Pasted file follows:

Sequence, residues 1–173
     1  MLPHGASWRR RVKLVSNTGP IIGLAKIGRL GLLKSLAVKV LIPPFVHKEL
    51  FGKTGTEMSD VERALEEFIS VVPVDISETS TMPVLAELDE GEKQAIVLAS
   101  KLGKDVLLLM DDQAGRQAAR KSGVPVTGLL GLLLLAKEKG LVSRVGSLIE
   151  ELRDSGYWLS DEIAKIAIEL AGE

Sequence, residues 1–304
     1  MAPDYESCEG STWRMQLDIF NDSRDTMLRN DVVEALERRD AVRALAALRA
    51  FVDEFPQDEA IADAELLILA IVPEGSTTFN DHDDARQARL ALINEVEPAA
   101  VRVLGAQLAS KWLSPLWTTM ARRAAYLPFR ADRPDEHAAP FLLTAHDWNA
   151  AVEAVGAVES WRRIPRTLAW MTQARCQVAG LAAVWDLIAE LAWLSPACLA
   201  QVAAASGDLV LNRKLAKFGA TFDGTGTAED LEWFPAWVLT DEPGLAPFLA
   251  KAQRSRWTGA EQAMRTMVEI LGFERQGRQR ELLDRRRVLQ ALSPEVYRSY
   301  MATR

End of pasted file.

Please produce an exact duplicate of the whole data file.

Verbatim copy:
Sequence, residues 1–173
     1  MLPHGASWRR RVKLVSNTGP IIGLAKIGRL GLLKSLAVKV LIPPFVHKEL
    51  FGKTGTEMSD VERALEEFIS VVPVDISETS TMPVLAELDE GEKQAIVLAS
   101  KLGKDVLLLM DDQAGRQAAR KSGVPVTGLL GLLLLAKEKG LVSRVGSLIE
   151  ELRDSGYWLS DEIAKIAIEL AGE

Sequence, residues 1–304
     1  MAPDYESCEG STWRMQLDIF NDSRDTMLRN DVVEALERRD AVRALAALRA
    51  FVDEFPQDEA IADAELLILA IVPEGSTTFN DHDDARQARL ALINEVEPAA
   101  VRVLGAQLAS KWLSPLWTTM ARRAAYLPFR ADRPDEHAAP FLLTAHDWNA
   151  AVEAVGAVES WRRIPRTLAW MTQARCQVAG LAAVWDLIAE LAWLSPACLA
   201  QVAAASGDLV LNRKLAKFGA TFDGTGTAED LEWFPAWVLT DEPGLAPFLA
   251  KAQRSRWTGA EQAMRTMVEI LGFERQGRQR ELLDRRRVLQ ALSPEVYRSY
   301  MATR